A3. COVID-19 has thrown us a large curveball in reference to our city budgets as well as many other things. After Quarantine began and we knew our revenue into the city was going to be diminished, we started having conversations about what to cut and how much in reference to priorities of the city. Personally, I took a 5% pay cut when upper management took theirs. My cut wasn’t going to save the budget, but it was more done on principle because if we are asking city staff to take a cut, I should be one of the first ones to do so. As we are still working on getting out of this, there is no doubt that the CARES Act money has been extremely helpful in helping to fill some of our financial gaps and allowing us to keep the city fully staffed and across the board. Due to CARES Act money coming in we haven’t had to talk about pay cuts with staff and we were able to reverse the 5% reduction some of us took too. We have had to delay certain Capital Improvement and freeze some positions that are open as well to help with our current budget situation. Looking forward into the rest of the year we need to be sure we are prioritizing projects and funds that are coming into the city that have the cities best and residents’ best interests.
A4. Currently through the CARES Act money we have dedicated $2,000,000 through Reno Housing Authority (RHA) to help with rental assistance for citizens in Sparks. Money was available through the State in that same fund, and I made sure to share it through all my social medias, E-Newsletter and reached out to residents directly who I know could benefit from applying. These $2,000,000 are also going to be supplemented with $402,633.00 from a Community Development Block Grant (CDBG) to allow for more assistance to our residents here in Sparks to ensure people have a safe place to call home.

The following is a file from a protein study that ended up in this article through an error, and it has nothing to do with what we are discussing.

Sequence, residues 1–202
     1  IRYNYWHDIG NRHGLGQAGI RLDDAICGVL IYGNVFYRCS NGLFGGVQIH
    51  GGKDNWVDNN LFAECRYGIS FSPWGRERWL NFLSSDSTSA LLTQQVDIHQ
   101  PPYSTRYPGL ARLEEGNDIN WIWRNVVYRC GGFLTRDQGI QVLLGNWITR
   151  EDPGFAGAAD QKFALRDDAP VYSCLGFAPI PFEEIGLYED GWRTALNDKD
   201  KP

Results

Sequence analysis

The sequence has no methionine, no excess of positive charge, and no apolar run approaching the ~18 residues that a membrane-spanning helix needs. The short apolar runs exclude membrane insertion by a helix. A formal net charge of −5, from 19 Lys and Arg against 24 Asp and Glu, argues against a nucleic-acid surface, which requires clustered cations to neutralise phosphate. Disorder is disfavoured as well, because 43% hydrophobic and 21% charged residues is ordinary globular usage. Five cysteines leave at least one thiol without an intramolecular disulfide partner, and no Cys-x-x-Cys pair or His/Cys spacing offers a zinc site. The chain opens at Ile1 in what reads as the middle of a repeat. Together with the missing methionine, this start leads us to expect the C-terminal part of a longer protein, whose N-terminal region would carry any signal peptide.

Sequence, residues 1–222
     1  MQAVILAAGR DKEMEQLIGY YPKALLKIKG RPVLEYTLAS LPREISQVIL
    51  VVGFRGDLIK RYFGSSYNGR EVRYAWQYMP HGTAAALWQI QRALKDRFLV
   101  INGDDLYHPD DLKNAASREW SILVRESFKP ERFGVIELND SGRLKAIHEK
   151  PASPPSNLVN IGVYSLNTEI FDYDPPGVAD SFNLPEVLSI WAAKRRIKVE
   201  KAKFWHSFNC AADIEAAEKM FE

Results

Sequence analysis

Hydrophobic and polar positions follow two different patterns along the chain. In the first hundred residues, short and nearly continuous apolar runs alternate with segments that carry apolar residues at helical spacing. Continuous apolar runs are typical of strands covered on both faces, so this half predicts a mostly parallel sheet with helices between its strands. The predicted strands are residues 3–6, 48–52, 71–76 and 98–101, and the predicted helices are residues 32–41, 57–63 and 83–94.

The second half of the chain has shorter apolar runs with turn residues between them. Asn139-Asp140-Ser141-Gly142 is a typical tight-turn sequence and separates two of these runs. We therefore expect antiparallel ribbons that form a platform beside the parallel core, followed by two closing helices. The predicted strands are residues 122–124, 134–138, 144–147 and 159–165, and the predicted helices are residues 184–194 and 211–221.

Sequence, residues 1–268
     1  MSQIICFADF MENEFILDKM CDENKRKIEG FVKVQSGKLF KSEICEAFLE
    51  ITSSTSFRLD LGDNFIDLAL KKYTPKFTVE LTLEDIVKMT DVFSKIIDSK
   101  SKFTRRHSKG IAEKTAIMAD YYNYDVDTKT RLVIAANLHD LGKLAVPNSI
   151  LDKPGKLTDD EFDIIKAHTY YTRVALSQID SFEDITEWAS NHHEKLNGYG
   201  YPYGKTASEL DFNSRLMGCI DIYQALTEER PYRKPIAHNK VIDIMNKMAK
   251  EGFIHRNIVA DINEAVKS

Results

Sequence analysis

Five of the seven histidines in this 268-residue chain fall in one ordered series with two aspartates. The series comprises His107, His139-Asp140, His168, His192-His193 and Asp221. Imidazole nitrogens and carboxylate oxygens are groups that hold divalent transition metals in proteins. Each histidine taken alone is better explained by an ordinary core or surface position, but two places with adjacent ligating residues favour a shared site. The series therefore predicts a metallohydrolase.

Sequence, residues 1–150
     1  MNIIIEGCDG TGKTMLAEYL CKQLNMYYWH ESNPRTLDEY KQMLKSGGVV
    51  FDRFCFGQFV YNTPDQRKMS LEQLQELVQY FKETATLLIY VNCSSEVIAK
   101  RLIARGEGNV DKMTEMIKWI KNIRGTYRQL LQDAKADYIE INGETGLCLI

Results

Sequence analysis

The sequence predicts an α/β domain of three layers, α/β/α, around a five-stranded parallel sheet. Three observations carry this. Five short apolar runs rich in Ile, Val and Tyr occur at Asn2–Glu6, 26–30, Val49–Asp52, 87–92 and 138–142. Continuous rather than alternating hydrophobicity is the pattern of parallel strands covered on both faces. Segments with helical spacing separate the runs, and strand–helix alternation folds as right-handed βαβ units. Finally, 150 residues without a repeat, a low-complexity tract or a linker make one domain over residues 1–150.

A5. I actively seek the input and feedback from our community members, from the rich to the impoverished. I will continue to be accessible to all residents year-round. My cell phone and email are on all of my business cards, campaign pieces, and website. I’m always open for a phone call or a coffee to talk with someone about what is going on. I may not always have the right tools in my current toolbox to help but usually can find someone with the right tools to help. Over the last 4 years since being elected. I’ve taken countless phone calls, social media messages/comments, text messages, emails and even letters mailed to me from residents who are looking to express their opinions or are looking for resources and aren’t sure where to go.
I realize I do not have a monopoly of good ideas, and I value the opportunity to hear others’ ideas on the issues facing the City. I like to listen to others and take their first-hand knowledge of something that has happened or is happening and see how we can learn from it, to not only make circumstances better for the individual, but for other residents as well. As much as I try to stay involved in the community there is no way I’ll know everything. I’m always available to have a conversation and learn about others experiences in our community and ideas that others have to help our city.
A1. I’ve always said that our funding reflects our priorities. Here in Sparks, 42% of our general fund budget goes to our police department, and 24% goes to our fire department. Washoe County funds social services. Over the past few years, we’ve dealt with a number of mental health crises where Sparks Police have been the responders – and the consequences have been tragic.